The course is part of The Full English, an English Folk Dance and Song Society (EFDSS) project supported by the National Lottery through the Heritage Lottery Fund, the National Folk Music Fund and The Folklore Society. The project created the most comprehensive free searchable digital archive in the world and includes a nationwide community and schools learning programme. The Full English digital archive is brimming with songs of battle, of love, of rural life, of disaster and celebration, and all collected from the late 1800s onwards.

 

Folk Song in England dates are:

 

Saturday 7 September, 9.30am – 5pm

Steve Roud with Ruairidh Greig

Lincoln Drill Hall, Lincoln

www.lincolndrillhall.com | 01522 873894

 

Saturday 14 September, 9.30am – 5pm

Steve Roud and Steve Gardham

Howard Assembly Room, Leeds

www.efdss.org | 020 7241 8953

 

Saturday 21 September, 9.30am – 5pm

Steve Roud with Julia Bishop

British Library, London

www.bl.uk | 01937 546546

 

Saturday 12 October, 9.30am – 5pm

Steve Roud with Sue Allan

The Met, Bury

www.themet.biz | 0161 761 2216

 

Saturday 19 October, 9.30am – 5pm

Steve Roud with Peter Wood

The Sage Gateshead, Gateshead Quays, Tyne and Wear

www.thesagegateshead.org | 0191 443 4661

 

Sunday 27 Oct, 9.30am – 5pm

Steve Roud with Martin Graebe

Colston Hall, Bristol

www.colstonhall.org | 0117 922 3686

 

Saturday 2 November, 9.30am – 5pm

Steve Roud with Roy Palmer

mac birmingham, Birmingham

www.macarts.co.uk | 0121 446 3232

 

Saturday 16 November, 9.30am – 4pm

Steve Roud with John Howson

The Stables, Milton Keynes

www.stables.org | 01908 280800

 

Saturday 30 November, 9.30am – 5pm

Steve Roud with John Howson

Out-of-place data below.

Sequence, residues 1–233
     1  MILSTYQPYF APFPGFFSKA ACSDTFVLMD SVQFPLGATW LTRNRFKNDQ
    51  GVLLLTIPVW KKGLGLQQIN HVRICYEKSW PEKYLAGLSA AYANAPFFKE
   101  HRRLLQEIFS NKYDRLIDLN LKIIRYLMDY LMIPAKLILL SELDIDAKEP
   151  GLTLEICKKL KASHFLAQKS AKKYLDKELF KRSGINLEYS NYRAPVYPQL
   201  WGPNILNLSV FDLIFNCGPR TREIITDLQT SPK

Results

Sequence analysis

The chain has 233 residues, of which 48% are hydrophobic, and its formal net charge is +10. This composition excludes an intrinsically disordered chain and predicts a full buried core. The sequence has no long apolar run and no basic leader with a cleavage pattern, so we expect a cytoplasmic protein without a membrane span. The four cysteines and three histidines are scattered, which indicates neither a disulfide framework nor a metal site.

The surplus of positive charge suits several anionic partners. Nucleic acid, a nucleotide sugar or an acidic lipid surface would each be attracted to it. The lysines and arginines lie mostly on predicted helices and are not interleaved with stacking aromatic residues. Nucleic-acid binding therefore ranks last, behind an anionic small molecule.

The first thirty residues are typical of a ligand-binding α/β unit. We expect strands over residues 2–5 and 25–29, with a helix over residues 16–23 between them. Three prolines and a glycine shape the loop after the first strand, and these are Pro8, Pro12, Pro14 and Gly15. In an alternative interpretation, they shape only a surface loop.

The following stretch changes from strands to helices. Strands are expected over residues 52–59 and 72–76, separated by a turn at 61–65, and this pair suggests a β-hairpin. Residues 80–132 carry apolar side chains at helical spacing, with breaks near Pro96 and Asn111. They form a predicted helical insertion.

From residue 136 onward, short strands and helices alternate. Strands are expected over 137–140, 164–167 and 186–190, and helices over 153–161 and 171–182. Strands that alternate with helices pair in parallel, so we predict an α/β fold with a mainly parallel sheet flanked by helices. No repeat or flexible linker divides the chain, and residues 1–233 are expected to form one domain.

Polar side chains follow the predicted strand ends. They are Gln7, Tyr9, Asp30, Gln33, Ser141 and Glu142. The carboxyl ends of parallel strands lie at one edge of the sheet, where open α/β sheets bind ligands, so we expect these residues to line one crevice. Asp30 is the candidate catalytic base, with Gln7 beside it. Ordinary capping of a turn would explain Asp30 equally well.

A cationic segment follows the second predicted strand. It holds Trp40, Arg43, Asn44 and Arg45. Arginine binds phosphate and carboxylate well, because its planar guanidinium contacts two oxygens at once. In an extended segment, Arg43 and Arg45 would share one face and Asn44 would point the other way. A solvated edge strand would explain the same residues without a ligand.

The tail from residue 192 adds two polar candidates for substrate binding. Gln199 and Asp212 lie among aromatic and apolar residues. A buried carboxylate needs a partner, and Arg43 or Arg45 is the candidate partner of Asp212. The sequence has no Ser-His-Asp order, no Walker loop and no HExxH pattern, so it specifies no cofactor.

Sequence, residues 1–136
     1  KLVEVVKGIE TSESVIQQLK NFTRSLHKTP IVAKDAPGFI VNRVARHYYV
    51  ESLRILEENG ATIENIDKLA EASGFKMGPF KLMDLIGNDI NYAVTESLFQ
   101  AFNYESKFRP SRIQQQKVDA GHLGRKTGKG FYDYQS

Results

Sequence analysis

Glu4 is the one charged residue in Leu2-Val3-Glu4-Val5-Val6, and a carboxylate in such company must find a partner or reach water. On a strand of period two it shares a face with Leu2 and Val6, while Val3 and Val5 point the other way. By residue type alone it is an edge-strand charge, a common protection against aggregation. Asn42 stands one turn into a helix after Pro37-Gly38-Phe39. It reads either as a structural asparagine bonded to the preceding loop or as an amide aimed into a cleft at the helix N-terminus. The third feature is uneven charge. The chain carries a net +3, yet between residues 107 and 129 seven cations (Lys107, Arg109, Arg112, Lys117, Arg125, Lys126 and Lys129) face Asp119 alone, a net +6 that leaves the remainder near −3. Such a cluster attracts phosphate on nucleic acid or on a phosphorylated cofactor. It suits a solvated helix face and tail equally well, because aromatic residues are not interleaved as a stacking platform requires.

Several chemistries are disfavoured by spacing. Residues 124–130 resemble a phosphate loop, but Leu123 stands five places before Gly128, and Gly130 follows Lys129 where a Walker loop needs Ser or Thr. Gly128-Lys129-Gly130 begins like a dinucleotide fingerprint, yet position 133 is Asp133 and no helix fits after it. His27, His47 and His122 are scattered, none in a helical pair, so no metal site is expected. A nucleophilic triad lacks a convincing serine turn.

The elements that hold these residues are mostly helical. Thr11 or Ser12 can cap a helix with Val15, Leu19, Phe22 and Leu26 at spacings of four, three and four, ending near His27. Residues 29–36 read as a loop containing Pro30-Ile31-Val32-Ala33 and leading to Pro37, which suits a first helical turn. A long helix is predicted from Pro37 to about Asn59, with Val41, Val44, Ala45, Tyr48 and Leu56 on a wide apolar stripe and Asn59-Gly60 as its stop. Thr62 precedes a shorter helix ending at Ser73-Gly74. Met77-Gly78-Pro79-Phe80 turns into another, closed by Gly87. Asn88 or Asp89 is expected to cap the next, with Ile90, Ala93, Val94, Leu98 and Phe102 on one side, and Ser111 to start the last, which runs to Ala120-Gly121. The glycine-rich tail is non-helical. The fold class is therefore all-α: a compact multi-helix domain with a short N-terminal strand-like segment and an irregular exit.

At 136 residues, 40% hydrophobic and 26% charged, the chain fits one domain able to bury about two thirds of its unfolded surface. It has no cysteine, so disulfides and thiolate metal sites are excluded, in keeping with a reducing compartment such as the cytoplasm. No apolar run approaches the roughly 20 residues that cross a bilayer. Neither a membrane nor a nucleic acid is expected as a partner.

The Gillespie Centre, Cambridge

www.efdss.org | 020 7241 8953

 

Saturday 1 February 2014, 9.30am – 5pm

Steve Roud with Julia Bishop

Sheffield University

www.wegottickets.com

 

Tickets for all dates are £10 per person, and this includes lunch and light refreshments throughout the day. For more about The Full English and access to the archive go towww.efdss.org/thefullenglish.

The Full English in the Guardian

The guardian has an interview with Malcolm Taylor, librarian of the Vaughan Williams Memorial library at Cecil Sharp House about his project The Full English.  It is a bold Heritage Lottery-funded attempt to make the library’s vast archive available to the public online. It has brought together 11 major collections for the first time in the most comprehensive free searchable digital archive in the world, and allows free public access to 58,400 digitised collection items through a new web portal. The project has brought together the collections of Harry Albino, Lucy Broadwood, Clive Carey, Percy Grainger, Maud Karpeles, Frank Kidson, Thomas Fairman Ordish, Cecil Sharp, Ralph Vaughan Williams, Alfred Williams and Mary Leather for the first time, to create the most comprehensive searchable database of English folk songs, tunes, dances and customs in the world. The Full English is also EFDSS’s biggest learning and participation programme to date. The Full English project is also supported by the National Folk Music Fund and The Folklore Society.

You can read the article here.

The library itself can be accessed here.